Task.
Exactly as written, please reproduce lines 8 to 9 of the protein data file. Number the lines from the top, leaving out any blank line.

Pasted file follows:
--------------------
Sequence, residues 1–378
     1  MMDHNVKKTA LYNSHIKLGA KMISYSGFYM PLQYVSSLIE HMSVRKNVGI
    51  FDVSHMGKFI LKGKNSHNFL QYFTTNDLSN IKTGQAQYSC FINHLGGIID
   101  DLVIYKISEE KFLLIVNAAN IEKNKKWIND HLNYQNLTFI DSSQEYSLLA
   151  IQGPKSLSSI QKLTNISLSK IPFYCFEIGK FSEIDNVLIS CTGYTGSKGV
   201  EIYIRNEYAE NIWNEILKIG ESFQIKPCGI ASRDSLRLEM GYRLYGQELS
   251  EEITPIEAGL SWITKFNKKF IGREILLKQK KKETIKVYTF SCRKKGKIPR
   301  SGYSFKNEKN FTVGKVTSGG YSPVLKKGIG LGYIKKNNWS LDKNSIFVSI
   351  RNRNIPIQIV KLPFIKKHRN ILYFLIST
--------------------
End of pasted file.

   301  SGYSFKNEKN FTVGKVTSGG YSPVLKKGIG LGYIKKNNWS LDKNSIFVSI
   351  RNRNIPIQIV KLPFIKKHRN ILYFLIST